Nigerian banks still face challenges despite some improvement in their asset quality, Fitch Ratings said in its newly-published special report titled "Nigerian Banking Sector: Rapid Credit Growth Returns."
It said that the recent rapid credit growth in the Nigerian banking sector may give rise to weakened asset quality and higher impairment charges if left unchecked.
A director in Fitch's Financial Institutions team Denzil De Bie said: "There was a marked improvement in banks' asset quality during 2011 following the sale of problem loans to the Asset Management Corporation of Nigeria.
"However, rapid underlying credit growth of 30 -66 percent was evident in most of the Fitch-rated banks in 2011 which the agency considers will be a negative credit driver if it continues."
The special report highlights some of the key rating drivers of Nigerian banks in the context of their mostly 'b' range Viability Ratings.
De Bie said: "Fitch considers that many Nigerian banks have thin levels of Fitch Core Capital, which are lower than is appropriate for Nigeria's difficult operating environment. Sustainable Fitch Core Capital ratios will be a key rating driver for any future positive action on the banks' Viability Ratings."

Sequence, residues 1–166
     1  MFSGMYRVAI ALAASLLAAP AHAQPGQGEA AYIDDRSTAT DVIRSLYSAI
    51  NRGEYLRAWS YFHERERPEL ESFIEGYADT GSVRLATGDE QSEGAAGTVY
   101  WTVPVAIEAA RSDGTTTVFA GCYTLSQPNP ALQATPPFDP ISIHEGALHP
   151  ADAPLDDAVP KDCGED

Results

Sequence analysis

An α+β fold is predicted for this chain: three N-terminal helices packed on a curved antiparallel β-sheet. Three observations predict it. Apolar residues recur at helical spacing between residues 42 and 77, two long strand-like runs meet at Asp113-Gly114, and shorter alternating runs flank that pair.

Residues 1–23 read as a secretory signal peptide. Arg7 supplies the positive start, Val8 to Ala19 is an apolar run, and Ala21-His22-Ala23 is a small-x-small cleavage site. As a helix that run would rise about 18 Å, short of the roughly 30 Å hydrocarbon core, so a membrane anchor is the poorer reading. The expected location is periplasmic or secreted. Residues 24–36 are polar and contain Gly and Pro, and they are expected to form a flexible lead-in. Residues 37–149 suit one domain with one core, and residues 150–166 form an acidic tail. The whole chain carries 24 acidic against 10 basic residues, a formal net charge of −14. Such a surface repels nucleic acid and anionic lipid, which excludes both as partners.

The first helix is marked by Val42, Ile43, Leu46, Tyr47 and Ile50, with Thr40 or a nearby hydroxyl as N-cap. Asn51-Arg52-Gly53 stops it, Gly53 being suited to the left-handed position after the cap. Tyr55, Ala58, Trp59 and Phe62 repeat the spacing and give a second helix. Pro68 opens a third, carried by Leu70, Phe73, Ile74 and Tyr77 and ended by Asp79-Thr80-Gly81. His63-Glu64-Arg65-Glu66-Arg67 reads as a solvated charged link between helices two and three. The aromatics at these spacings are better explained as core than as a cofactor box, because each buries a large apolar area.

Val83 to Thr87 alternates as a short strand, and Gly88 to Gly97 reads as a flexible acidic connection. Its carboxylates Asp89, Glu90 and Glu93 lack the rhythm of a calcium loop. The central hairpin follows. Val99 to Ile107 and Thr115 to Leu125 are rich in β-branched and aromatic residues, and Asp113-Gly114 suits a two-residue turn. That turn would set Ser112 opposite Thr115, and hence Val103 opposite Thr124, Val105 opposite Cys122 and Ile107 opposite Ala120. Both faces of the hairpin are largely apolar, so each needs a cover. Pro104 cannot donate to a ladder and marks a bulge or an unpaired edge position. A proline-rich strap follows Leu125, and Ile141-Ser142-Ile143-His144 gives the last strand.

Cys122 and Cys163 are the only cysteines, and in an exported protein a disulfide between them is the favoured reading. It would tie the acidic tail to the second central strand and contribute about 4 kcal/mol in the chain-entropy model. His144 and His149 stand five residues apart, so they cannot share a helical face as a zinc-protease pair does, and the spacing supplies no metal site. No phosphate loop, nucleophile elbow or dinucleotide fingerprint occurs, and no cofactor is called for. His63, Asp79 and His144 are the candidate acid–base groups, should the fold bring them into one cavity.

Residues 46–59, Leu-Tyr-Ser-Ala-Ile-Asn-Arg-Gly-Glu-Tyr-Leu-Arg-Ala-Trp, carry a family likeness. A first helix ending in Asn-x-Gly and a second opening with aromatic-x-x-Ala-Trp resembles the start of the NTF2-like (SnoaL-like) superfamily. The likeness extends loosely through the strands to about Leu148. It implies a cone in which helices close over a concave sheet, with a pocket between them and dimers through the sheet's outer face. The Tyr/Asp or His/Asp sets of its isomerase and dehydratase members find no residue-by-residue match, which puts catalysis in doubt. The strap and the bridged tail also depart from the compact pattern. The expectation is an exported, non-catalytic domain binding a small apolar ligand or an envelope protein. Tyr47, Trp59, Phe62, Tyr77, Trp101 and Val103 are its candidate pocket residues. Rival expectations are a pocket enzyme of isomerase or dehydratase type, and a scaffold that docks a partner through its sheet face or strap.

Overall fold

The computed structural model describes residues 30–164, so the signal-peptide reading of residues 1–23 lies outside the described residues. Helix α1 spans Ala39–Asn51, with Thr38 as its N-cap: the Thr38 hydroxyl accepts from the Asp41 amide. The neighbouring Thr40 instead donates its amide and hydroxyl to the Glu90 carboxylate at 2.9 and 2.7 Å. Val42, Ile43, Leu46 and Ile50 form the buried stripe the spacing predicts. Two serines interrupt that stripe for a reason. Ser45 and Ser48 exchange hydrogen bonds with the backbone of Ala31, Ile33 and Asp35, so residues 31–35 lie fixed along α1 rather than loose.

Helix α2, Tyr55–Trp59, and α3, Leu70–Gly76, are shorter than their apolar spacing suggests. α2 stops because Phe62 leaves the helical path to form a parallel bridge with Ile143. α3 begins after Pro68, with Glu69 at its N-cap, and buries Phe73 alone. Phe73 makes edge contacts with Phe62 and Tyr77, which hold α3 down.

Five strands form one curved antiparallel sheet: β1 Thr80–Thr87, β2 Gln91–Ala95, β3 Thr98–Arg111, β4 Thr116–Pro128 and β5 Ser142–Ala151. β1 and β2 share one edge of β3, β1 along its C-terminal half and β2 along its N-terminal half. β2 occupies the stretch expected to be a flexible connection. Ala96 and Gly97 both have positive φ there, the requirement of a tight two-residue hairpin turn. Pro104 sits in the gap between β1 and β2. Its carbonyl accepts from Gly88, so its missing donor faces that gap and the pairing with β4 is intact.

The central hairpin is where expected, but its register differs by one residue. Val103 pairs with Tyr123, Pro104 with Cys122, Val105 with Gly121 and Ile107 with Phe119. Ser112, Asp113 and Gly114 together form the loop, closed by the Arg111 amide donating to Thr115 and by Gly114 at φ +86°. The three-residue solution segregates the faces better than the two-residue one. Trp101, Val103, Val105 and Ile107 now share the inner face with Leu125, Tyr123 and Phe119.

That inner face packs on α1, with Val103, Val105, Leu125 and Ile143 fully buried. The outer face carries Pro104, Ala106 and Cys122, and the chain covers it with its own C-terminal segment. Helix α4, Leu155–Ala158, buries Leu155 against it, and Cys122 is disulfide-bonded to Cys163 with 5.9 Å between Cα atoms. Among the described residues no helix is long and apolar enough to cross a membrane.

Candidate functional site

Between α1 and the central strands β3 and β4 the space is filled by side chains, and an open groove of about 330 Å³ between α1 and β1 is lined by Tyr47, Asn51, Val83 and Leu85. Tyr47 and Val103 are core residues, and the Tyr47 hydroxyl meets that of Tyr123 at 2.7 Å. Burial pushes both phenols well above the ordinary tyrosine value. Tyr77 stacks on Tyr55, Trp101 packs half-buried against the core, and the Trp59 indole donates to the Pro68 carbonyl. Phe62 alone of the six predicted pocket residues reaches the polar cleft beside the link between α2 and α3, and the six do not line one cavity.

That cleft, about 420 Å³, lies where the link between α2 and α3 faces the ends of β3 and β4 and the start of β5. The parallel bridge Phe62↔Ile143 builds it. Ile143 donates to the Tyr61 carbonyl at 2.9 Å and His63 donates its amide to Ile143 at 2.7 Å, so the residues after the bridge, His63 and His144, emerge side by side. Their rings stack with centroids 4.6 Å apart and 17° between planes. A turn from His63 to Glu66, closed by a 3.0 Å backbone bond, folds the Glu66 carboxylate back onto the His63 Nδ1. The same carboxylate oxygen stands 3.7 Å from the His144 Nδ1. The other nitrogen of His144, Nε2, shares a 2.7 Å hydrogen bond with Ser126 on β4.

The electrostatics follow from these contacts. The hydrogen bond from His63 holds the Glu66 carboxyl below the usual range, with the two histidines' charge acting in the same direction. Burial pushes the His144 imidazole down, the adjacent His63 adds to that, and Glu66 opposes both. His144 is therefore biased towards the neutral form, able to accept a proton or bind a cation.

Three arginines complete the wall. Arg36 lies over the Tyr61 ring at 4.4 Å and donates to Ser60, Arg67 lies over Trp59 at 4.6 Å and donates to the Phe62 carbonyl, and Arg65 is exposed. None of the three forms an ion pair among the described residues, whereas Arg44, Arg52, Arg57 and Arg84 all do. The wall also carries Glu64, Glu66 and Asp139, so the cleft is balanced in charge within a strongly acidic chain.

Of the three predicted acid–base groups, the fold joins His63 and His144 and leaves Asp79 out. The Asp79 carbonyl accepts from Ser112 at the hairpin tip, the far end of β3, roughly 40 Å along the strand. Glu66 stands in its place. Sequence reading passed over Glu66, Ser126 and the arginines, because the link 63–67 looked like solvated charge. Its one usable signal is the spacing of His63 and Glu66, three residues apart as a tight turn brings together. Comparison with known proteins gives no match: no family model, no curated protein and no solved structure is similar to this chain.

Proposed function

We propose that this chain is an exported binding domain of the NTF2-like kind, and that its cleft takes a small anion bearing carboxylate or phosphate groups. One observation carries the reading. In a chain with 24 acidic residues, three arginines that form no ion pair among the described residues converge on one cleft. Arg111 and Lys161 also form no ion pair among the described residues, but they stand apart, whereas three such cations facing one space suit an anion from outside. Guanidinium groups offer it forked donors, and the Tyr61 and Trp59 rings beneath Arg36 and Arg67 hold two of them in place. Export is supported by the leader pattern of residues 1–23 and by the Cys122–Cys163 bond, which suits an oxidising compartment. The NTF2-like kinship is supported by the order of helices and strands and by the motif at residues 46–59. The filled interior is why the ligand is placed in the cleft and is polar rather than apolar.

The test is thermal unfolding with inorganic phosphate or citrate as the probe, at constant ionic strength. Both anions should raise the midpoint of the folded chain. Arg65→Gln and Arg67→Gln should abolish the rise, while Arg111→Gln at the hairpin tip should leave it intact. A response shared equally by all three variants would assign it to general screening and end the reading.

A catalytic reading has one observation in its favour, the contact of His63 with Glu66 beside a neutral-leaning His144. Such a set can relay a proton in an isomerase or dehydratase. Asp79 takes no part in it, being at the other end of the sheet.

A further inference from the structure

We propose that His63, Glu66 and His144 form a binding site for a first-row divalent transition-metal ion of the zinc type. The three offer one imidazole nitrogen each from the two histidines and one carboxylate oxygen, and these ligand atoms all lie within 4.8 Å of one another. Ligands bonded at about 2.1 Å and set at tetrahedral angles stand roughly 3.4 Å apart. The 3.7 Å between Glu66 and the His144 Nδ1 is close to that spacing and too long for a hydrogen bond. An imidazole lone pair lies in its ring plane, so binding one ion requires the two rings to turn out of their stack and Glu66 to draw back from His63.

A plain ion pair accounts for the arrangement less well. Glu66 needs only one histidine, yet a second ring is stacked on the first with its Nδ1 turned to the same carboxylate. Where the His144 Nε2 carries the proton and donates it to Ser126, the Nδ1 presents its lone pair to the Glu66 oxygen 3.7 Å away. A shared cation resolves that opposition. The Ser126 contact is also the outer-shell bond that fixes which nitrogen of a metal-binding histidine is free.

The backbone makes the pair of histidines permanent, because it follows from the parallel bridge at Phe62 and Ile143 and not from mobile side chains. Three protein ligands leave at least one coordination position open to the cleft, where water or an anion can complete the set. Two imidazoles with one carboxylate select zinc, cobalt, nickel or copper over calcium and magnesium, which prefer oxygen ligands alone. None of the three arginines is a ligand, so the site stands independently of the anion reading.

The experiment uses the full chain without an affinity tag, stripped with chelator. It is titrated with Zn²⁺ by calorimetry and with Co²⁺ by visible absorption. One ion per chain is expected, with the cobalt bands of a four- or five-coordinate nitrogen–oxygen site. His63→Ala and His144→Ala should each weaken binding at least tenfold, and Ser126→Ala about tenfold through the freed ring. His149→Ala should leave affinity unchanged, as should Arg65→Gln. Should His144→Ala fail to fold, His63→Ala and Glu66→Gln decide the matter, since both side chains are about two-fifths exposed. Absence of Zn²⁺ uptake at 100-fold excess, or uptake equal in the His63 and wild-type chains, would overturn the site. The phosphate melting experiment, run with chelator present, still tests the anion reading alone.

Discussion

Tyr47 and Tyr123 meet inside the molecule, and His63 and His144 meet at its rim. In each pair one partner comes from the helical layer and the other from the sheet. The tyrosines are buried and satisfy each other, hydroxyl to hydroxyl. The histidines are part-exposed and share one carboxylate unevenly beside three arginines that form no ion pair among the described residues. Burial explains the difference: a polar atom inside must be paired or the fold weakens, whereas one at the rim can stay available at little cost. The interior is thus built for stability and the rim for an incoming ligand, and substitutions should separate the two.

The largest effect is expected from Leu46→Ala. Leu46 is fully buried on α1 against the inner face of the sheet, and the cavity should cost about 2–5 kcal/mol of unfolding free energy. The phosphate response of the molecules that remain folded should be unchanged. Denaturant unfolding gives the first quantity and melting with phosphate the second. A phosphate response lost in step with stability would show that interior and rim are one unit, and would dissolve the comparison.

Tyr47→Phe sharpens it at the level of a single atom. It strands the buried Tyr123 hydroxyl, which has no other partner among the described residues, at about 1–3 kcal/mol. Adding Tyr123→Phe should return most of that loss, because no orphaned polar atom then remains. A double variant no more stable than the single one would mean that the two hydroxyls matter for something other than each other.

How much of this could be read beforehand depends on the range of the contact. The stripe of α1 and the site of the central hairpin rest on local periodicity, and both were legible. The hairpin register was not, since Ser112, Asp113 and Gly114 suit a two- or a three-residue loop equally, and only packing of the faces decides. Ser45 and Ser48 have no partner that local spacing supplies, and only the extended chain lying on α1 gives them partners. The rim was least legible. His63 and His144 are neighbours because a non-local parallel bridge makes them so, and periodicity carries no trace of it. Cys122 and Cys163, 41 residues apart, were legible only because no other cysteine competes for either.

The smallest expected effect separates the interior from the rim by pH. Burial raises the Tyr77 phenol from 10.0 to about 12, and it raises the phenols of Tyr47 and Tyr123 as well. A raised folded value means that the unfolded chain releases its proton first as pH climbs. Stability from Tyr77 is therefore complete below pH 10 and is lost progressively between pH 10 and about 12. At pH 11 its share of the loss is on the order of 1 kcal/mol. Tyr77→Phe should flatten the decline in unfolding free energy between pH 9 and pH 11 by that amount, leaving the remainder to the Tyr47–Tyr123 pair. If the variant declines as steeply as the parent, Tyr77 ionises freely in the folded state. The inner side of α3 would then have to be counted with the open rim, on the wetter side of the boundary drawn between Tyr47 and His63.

Fitch considers that improved efficiency will be a key differentiator for the more successful banks and will support earnings growth and ultimately contribute to better internal capital generation.
The Central Bank of Nigeria, during its last Monetary Policy Committee meeting, expressed worry that banks are not lending to the real sector.
Banks preferred to access government securities and bonds instead of lending to the real sector, but the CBN has increased the Cash Reserve Ratio of bansks from 8 to 12 percent to reduce the amount of money in circulation.
The central bank has also issued circular to banks directing them not to use funds obtained from CBN lending windows in inter-bank market.